Yesterday, the world reacted to the shocking news that the Russian ambassador to Turkey, Andrey Karlov, was assassinated by a Turkish police officer.
The crime, captured on film and broadcast to the world, featured a lengthy rant by the shooter. His commentary focused on the situation in Syria and was frequently punctuated with shouts of “Allah akbar,” giving rise to suspicions that the attack was inspired by the Islamic terrorist groups operating in the region.
Yesterday, before the assassination, the US was up in arms about Russia’s alleged interference in the US election, and the world was in a tizzy over Russia’s complicity in the attacks on Allepo. Yesterday, some people in the world still remembered that Russia bit off large portions of Ukraine, and now illegally holds them through force of arms. Yesterday, the photos and movie-like quality of the video of the assassination in Turkey gave rise to suspicions that the whole thing might have been staged.
But that was yesterday.
Today, some people are wondering if this terrible act of terrorism directed against the Russian ambassador was, in fact, an unintentional political gift.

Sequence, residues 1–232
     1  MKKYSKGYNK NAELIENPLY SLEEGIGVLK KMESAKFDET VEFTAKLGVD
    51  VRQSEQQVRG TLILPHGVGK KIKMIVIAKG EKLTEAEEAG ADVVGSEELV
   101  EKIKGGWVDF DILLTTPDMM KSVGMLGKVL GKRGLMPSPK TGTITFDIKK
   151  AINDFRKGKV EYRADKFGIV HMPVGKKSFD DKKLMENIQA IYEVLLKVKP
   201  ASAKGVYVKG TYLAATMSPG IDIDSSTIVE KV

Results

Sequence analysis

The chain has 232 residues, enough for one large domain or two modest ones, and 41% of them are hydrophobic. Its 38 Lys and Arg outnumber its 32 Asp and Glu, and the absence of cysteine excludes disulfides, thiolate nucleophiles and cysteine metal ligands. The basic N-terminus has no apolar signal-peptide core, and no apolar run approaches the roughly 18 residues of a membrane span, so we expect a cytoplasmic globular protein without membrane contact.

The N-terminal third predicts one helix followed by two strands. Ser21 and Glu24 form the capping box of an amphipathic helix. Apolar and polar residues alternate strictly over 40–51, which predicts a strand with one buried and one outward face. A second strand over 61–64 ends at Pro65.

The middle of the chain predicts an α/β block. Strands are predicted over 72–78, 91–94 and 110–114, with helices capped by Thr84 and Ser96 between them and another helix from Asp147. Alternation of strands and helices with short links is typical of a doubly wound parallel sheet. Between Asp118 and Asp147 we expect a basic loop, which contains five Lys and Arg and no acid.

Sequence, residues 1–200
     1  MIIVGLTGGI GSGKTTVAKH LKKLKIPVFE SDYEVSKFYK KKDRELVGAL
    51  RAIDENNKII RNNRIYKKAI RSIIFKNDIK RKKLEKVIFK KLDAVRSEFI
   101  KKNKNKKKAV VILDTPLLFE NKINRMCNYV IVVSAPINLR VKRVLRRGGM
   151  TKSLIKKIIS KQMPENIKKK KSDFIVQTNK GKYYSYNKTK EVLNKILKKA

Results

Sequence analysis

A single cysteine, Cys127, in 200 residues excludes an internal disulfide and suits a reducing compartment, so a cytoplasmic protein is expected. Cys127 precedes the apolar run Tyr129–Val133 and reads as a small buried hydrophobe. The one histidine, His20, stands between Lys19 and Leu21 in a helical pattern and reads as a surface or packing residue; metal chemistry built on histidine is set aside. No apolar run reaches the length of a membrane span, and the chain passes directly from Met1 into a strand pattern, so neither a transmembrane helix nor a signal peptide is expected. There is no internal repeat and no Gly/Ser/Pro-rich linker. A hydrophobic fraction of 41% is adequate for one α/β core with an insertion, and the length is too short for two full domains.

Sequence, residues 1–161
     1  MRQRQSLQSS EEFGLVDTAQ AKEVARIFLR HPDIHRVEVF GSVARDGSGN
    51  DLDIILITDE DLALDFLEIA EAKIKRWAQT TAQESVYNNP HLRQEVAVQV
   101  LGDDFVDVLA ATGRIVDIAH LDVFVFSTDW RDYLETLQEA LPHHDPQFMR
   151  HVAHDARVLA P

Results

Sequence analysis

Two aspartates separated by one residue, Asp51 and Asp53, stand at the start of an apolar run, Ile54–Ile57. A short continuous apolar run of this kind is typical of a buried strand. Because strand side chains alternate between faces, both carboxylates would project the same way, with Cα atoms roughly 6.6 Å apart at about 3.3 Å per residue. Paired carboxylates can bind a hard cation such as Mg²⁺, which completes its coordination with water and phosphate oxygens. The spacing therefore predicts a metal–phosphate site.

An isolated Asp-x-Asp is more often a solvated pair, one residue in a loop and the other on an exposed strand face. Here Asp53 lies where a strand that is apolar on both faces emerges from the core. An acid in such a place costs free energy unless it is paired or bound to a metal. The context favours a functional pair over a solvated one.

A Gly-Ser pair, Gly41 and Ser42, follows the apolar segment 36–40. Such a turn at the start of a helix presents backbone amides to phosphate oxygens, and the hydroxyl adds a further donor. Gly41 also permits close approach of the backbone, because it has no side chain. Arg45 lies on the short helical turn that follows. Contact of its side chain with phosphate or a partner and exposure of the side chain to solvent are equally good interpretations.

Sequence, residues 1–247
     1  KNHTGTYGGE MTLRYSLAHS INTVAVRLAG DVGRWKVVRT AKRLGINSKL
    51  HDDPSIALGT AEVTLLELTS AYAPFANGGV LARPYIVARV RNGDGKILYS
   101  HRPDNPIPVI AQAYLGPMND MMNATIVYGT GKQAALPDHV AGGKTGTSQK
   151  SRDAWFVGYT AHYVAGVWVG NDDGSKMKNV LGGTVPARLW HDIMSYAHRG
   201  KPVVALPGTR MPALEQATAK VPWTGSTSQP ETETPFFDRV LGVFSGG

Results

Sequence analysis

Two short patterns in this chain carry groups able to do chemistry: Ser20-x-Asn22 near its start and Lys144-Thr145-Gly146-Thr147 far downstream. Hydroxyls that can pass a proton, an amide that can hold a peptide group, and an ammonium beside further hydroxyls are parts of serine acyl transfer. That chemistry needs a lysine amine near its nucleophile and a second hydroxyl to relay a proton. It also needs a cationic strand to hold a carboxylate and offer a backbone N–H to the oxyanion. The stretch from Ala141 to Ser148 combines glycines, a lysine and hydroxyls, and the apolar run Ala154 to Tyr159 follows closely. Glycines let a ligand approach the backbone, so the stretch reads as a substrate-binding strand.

I don’t think any serious analysts now believe that Russia set their own ambassador up to be murdered (although I wouldn’t put it past them). But it’s hard to see how this doesn’t work out to a win in the hard world of realpolitik.
The death of their ambassador, and the anxiety over Russia’s reaction to it, is not only going to be in the news for the next couple of days, it’s going to *BE* the news. Hacking the US election? Meh. Propping up the Syrians, who are bombing the crap out of civilians in Aleppo? Old news. Ukraine–what’s going on there, again?
The irony of this situation is that the death of Andrey Karlov will probably have the opposite strategic result that the shooter was trying to achieve.
Far from driving a wedge between Turkey and Russia, it will likely bring the two closer. It also gives the US president-elect, who has been accused of being overly-chummy with Russian strongman Vladimir Putin, a legitimate reason to reach out to Russia.
More significantly, it gives a legitimate reason to lash out against anyone, or any group, that Russia wants to designate as “terrorists.”
And it totally washes away the anti-Russia headlines now in the news. Those are some pretty good Christmas gifts for Russia.
The assassination of a Russian ambassador was a tragedy for his family, and an affront to the civilized world. But I don’t think it’s going to have the impact on Russia that everyone seems to think it’s going to have. The Russians are going to turn this to their advantage.